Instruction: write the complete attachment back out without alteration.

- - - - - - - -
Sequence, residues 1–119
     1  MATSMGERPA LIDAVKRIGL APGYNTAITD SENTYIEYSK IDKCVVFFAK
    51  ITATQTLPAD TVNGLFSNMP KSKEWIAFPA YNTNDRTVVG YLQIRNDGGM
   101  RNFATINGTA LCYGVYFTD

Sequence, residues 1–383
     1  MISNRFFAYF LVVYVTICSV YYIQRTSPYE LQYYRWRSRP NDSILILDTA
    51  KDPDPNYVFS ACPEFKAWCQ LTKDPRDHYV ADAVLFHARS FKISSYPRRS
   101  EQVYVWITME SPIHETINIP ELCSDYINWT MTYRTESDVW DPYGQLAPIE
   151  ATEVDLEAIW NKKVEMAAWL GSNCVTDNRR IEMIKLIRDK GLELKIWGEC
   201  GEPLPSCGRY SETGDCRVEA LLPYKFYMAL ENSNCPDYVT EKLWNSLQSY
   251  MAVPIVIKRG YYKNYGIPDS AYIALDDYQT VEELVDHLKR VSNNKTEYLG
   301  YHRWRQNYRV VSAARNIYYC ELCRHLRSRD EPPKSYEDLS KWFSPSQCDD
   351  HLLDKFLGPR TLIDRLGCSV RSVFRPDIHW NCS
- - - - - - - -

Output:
Sequence, residues 1–119
     1  MATSMGERPA LIDAVKRIGL APGYNTAITD SENTYIEYSK IDKCVVFFAK
    51  ITATQTLPAD TVNGLFSNMP KSKEWIAFPA YNTNDRTVVG YLQIRNDGGM
   101  RNFATINGTA LCYGVYFTD

Sequence, residues 1–383
     1  MISNRFFAYF LVVYVTICSV YYIQRTSPYE LQYYRWRSRP NDSILILDTA
    51  KDPDPNYVFS ACPEFKAWCQ LTKDPRDHYV ADAVLFHARS FKISSYPRRS
   101  EQVYVWITME SPIHETINIP ELCSDYINWT MTYRTESDVW DPYGQLAPIE
   151  ATEVDLEAIW NKKVEMAAWL GSNCVTDNRR IEMIKLIRDK GLELKIWGEC
   201  GEPLPSCGRY SETGDCRVEA LLPYKFYMAL ENSNCPDYVT EKLWNSLQSY
   251  MAVPIVIKRG YYKNYGIPDS AYIALDDYQT VEELVDHLKR VSNNKTEYLG
   301  YHRWRQNYRV VSAARNIYYC ELCRHLRSRD EPPKSYEDLS KWFSPSQCDD
   351  HLLDKFLGPR TLIDRLGCSV RSVFRPDIHW NCS